Book: Verbal Art and Systemic Functional Linguistics
Chapter: Educational Stylistics: SFL/SSS+ and Guiding to Language-in-Literature Literacy
As is well-known, Hasan was a scholar for (nearly) all seasons. As is also widely known, she produced much valuable work on education and literacy in general, and on verbal art pedagogy and literacy in particular. Educational stylistics is the topic of chapter 4, focussing on the teaching of the language in literature –with the tools of SFL/SSS+. An overarching concern of the chapter, however, is how to guide students to better reflect on meaning-making in English, thus also improving their overall language awareness, and, for learners, their language acquisition.
The chapter is divided into two distinct parts. Part I begins with briefly discussing teacher take-up of SFL concepts, metalanguage, and pedagogy, whether applied to verbal art teaching, or not. In speaking of the reasons for endorsing Hasan’s SSS model in chapter 2, the first to be mentioned is its being rooted in Hallidayan grammar and its study, grammatics. Here the educational significance of that grammatics emerges – as a meaning-focused metalanguage crucial to instructed language development. The chapter then moves into Hasan’s ways of thinking about her own ‘timeless journey’ in the company of verbal art (2011a), her ideas concerning how one should engage with literature (1985, 2007), and her powerful theory of reflection literacy (1996c[2011b]). It then moves on to selectively surveying systemic functional educational stylistics studies. Again, the work referenced is largely based on Hallidayan stylistics but some is also specifically grounded in Hasan’s SSS.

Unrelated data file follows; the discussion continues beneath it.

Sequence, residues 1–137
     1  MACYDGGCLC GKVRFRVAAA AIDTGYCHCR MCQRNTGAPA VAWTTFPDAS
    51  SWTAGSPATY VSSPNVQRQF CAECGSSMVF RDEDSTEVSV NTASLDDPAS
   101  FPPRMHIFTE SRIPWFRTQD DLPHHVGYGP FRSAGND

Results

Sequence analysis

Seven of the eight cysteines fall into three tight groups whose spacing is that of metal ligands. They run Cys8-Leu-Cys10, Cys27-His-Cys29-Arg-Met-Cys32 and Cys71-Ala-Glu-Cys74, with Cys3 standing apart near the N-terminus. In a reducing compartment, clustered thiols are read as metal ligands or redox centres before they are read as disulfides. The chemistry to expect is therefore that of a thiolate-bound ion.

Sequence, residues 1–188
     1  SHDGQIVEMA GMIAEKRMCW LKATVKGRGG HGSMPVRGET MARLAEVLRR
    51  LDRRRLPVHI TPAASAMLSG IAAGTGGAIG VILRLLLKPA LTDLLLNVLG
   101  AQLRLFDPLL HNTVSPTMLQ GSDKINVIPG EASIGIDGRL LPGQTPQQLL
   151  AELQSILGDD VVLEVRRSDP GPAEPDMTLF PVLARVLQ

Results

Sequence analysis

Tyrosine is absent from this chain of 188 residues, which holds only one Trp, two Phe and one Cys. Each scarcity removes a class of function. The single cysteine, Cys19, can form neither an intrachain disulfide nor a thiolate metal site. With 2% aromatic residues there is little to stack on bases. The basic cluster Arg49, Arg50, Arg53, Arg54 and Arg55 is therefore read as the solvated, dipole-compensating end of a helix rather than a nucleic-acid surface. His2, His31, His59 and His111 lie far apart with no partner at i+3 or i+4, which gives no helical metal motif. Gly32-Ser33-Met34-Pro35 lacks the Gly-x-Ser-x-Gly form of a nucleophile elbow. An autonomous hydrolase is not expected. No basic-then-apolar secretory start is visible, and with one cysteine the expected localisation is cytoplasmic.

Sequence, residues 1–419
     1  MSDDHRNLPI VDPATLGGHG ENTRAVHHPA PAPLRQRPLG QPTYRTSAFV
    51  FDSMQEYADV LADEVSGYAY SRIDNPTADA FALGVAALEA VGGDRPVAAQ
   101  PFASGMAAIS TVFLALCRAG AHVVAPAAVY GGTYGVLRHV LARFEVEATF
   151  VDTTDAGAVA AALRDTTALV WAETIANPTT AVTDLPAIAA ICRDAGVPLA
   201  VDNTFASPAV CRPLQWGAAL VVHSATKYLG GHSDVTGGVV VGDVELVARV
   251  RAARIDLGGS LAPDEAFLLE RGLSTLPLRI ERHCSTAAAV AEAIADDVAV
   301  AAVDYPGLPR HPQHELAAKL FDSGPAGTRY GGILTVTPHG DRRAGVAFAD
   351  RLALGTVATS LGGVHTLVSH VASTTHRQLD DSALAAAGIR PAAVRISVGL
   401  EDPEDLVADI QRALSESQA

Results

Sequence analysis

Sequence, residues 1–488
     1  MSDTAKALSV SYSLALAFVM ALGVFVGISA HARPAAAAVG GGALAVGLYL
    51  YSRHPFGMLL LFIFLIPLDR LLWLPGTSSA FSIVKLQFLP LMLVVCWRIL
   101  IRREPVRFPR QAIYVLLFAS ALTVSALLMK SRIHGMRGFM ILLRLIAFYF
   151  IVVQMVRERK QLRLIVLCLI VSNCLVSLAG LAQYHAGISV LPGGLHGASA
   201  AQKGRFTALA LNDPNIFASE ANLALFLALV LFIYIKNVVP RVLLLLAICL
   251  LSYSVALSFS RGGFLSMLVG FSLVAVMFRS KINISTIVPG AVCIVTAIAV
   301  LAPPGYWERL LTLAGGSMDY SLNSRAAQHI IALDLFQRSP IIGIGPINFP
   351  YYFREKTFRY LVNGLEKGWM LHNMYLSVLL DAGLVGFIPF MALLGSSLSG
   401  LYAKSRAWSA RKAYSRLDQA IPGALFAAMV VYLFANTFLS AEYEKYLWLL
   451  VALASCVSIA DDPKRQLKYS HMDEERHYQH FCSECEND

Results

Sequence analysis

Part II presents a case study, a recount of the shared experience of guiding students towards ‘special’ register awareness in an undergraduate EFL curriculum in Bologna, Italy. The global pedagogical background is filled in before zooming in on the analytical activities of one 2017 and one 2018 verbal art workshop in the 3rd year, in which students were guided to wield fine-tuned SSS+ in one poem in search of what gives us “language that is artistic and art that is linguistic” (Hasan, personal communication, 15 April, 2014). Recounted are our teaching practices and their rationale, but also our attempts at monitoring them, with the scrutinizing of empirical quantitative and qualitative evidence of students’ perceptions of those practices, gathered through questionnaires. Also described is the action research that followed the emergence from these of perplexingly incongruous data, as well as the further steps consequently taken.
The chapter on the whole thus takes on the generalized criticism of what is often seen as a too heavy reliance on intuition in teaching stylistics (notably Hall 2014, Fogal 2015), by examining ways to defuse two significant sources of such peril: (1) an ingrained largely intuitive method of literature reading on the part of the students, and, (2) a merely intuitive manner of assessing the effectiveness of one’s own pedagogic practices.